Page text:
Crassostrea virginica larvae, photographed using a dissecting microscope at 10x magnification. Photo by Erin Houlihan. There's something very satisfying about finishing a manuscript. As you know, I've been analyzing data on oyster larvae behavior, whittling the results down to reveal a meaningful story . As of today, I am finally finished! I drafted two complete manuscripts, both about settlement behavior of the eastern oyster, Crassostrea virginica . One focuses on larval behavior at different ages, while the other is about how oysters settle in low pH conditions brought about by ocean acidification. With the first complete draft of the manuscripts finished, it's my co-authors' turn to sculpt. Four other people are involved in the oyster studies - scientists who designed the studies, ran the experiments, and collected the data. The project has really been a team effort - I was just the one designated to write up all of the results. It's been fun, though. I&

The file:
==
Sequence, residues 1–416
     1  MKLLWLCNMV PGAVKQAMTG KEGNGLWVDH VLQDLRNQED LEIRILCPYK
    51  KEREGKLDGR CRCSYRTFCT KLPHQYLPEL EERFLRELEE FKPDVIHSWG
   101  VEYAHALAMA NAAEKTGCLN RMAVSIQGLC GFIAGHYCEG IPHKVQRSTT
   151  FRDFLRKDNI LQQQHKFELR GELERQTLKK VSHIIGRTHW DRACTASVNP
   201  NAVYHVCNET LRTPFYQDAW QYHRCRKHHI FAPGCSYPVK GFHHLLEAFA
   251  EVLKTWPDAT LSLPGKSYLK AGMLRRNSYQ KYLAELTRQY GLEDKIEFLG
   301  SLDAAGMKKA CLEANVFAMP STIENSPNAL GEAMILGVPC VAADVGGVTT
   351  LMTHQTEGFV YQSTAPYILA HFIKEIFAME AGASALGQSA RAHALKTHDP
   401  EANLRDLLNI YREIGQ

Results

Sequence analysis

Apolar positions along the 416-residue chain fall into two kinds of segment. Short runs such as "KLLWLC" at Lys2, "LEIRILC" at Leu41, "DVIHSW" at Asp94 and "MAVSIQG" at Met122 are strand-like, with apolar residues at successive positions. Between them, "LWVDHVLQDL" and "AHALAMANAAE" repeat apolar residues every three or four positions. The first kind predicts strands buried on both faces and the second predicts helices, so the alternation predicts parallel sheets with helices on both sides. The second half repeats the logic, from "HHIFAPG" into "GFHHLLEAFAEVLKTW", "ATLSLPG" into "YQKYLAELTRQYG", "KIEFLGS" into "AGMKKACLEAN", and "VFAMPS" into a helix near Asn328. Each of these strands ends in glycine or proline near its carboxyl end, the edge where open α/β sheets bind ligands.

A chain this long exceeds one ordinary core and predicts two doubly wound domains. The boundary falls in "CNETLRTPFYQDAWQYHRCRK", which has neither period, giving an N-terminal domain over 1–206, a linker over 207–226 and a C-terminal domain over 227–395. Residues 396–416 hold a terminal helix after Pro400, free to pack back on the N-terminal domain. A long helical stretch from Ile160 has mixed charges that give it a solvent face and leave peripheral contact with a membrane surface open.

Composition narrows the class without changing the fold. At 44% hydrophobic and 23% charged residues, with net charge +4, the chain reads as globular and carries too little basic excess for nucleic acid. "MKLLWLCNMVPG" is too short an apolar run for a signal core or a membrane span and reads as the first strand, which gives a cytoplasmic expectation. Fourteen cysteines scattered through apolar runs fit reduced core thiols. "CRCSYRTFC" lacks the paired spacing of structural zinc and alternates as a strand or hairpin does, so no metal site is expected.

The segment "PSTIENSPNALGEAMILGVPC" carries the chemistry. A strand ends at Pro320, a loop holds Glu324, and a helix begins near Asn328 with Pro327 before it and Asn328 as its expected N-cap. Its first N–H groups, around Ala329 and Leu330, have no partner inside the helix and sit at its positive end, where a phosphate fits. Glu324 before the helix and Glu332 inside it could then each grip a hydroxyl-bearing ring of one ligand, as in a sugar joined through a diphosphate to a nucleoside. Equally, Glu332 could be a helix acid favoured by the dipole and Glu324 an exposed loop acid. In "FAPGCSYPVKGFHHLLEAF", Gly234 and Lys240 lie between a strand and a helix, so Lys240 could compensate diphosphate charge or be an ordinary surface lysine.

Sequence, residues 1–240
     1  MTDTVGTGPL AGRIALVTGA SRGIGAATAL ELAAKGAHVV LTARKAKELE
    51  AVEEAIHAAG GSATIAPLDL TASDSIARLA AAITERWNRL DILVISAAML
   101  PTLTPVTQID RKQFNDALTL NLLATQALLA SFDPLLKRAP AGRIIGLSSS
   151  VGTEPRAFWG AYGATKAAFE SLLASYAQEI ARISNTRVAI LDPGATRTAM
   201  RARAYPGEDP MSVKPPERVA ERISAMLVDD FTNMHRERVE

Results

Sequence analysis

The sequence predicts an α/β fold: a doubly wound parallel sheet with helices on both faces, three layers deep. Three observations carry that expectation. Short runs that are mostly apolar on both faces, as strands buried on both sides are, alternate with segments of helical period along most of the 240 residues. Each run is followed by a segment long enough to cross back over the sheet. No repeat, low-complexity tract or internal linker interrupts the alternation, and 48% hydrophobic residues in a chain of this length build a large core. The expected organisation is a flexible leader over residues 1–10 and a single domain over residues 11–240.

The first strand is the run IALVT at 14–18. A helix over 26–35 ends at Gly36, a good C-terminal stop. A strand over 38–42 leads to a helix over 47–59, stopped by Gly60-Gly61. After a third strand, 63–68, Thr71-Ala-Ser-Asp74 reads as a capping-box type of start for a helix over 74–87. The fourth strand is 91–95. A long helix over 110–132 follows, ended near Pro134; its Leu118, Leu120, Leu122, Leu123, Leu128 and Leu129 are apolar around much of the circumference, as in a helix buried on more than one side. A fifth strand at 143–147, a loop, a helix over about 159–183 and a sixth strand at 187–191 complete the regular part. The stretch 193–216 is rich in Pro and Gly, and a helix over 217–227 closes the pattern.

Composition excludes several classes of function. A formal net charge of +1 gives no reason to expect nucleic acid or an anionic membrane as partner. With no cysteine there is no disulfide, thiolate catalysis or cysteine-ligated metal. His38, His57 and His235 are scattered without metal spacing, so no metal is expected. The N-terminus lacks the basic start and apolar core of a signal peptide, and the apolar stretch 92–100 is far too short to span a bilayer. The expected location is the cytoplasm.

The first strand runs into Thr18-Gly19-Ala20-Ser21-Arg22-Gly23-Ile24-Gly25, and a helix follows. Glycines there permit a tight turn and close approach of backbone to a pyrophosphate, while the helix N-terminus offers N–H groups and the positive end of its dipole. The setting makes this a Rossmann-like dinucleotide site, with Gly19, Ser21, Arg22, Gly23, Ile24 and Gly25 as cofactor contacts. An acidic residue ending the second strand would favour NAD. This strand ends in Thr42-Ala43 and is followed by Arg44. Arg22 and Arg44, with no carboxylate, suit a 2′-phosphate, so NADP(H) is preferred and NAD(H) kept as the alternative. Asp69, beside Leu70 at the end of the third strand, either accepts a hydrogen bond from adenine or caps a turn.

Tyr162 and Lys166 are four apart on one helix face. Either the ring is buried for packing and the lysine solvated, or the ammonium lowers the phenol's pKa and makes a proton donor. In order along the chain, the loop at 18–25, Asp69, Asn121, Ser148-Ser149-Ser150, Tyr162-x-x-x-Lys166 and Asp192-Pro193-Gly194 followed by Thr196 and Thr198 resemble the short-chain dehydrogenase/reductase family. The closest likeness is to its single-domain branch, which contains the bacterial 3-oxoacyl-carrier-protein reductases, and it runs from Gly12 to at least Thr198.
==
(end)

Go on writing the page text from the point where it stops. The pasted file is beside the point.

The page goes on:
Hydroid explosion!

A large colony of Obelia geniculata on one of my fouling panels in the lab "I might only have one match But I can make an explosion" - "Fight song" by Rachel Platten Kneeling on the dock, I undid one rope, then another. I pulled up on the white thread, grabbed the edge of the PVC, and flipped my experiment up onto the dock. And gasped in awe. My panels were covered in hyrdoids. Big, stringy, wet colonies of Obelia . Pink buds of Tubularia all over my plates. It was a hydroid explosion! I should have known it was coming. I mean, the hydroid colonies on my monitoring plates exploded after a few weeks. Just a few individuals can grow into a massive colony. I had thought it was already too late in the spring for hydroids to dominate the community. Guess not. Discovering the hydroids on my experiment yesterday is an example of one of my favorite parts of ecology: the element of surprise. When I first formulated the hypotheses for my succession study, I

Noticing beauty: part 2